A Radical Departure. Into this Hellenized environment came Jesus Christ of Nazareth, preaching the Good news of the Kingdom of God. The main thrust of His revolutionary message had to do with an earthly kingdom — not an escape to the nether reaches of spiritual Nirvana-land. Instead of speaking in vague dialectic and dualistic concepts, he taught simple, direct principles of ethics and morals, He was continually at loggerheads with the religious establishment in Palestine, took a dim view of their burdensome and petty rituals, and was not afraid to castigate them for their religious hypocrisy (Matt. 23; Luke 18:10-14; 11:37-54).
   After Christ's departure, the early Church was initially highly successful in propagating His gospel. But it wasn't long before many of the Jewish and Hellenistic elements of society were up in arms over the revolutionary impact of His message. Their reaction was so violent that Stephen was stoned to death by an incensed group of Jewish religious leaders. James was martyred by Herod, and Paul met violent resistance in Asia Minor on two separate occasions when he threatened to burst the bubble of local pagan divinities. He was mocked by Stoics and Epicureans at Mars Hill, and in Thessalonica was accused of "turning the world upside down" (Acts 17:6).
Fading Back into Normalcy. Under such circumstances something was bound to give. As the early apostles passed from the scene, the visible church began to accommodate itself to many of the Hellenistic philosophies and doctrines then in vogue. Some felt such a maneuver was essential for the future survival of Christianity in a Hellenized world.
   According to Arnold Toynbee: "Even Christianity might have found it hard to make headway in the Hellenic world if it had not, like its competitors, presented itself in Hellenic dress" (Hellenism, p. 277). Toynbee went on to say: "The Christian propagandists of the second century sought to commend Christianity to the educated minority of the Hellenic public by presenting it as the crown of all known philosophic systems. And this minority could not be won for Christianity without translating Christian beliefs into Hellenic philosophy's technical terminology..." (ibid., p. 228).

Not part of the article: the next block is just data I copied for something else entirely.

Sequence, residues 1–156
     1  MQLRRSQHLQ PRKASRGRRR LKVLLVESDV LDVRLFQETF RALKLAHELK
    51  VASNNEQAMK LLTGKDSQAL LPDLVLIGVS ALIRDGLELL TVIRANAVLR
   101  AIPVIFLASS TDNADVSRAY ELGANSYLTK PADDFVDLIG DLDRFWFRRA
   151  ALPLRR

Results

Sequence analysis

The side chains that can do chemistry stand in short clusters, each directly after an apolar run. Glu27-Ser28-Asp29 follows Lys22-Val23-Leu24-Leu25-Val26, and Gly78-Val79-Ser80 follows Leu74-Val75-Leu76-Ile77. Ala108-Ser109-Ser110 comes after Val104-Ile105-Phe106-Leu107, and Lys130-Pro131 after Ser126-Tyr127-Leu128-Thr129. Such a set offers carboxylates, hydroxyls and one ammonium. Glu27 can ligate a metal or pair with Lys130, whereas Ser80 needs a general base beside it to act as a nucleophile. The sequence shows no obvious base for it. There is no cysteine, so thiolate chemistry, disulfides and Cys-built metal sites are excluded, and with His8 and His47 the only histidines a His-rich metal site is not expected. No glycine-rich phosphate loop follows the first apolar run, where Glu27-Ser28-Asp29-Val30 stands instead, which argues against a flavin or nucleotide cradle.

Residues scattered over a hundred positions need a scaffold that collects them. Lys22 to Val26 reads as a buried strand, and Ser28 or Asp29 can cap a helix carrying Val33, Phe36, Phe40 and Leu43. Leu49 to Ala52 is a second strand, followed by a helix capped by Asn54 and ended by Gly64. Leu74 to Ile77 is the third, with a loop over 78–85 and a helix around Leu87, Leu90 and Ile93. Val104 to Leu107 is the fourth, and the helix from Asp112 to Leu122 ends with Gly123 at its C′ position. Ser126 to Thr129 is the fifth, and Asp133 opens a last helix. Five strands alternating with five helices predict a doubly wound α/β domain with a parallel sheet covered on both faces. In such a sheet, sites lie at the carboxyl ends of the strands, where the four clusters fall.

Edwin Hatch, author of The Influence of Greek Ideas on Christianity, also described this process: "It was impossible for Greeks, educated as they were with an education which penetrated their whole nature, to receive or to retain Christianity in its primitive simplicity" (p. 49). He also wrote: "The Greek minds which had been ripening for Christianity had absorbed new ideas and new motives; but there was a continuity between their present and their past; the new ideas had new motives mingled with the waters of existing currents" (ibid., p. 5).
   So the process of Hellenization began in earnest. Visible Christianity took on a completely different form as Greek elements flooded into the visible church.
   James Shiel explains what happened: "On their [the Greek's] conversion many of them retained current preoccupation with the religious concept of 'salvation,' mingled with a host of similar concepts from the Oriental mystery religions. Salvation was to be achieved by perfect knowledge (gnosis). They insisted that there were hidden truths in the Scriptures which only the true Gnostic could discern" (op. cit., p. 51).
   The heavy influence of Greek philosophical concepts on Christianity was also apparent from the writings of the post-apostolic fathers. Origen, for instance, even urged that Hellenistic philosophy be used as a basic primer for Christianity: "I am therefore very desirous that you should accept such parts even of Greek philosophy as may serve for the ordinary elementary instruction of our schools, and be a kind of preparation for Christianity" (Philocalia of Origen, p. 57).
   Clement of Alexandria wrote: "The philosophy of the Greeks, partial and particular though it is, contains the basic elements of that genuine and perfect knowledge which is higher than human, which is engaged upon purely intellectual objects, even upon those spiritual objects which eye has not seen.... until they were made plain to us Christians by our Great Teacher... " (Shiel, op. cit., p. 3).
Compromise and Defeat. Visible Christianity was well on the way to becoming just another version of a modern, updated Oriental mystery religion. Elaborate ceremonies were instituted, an intellectual priestly caste began to assert itself, and esoteric doctrines were kept back from the multitudes. Many of the major tenets of competing pagan religions readily found a safe haven within the walls of a changing Christianity.
   Pagan divinities were transformed into Christian saints, martyrs and angels. The cult of the Oriental mother goddess was revitalized in the veneration of the Virgin Mary. And pagan temples were often transformed into "Christian" houses of worship.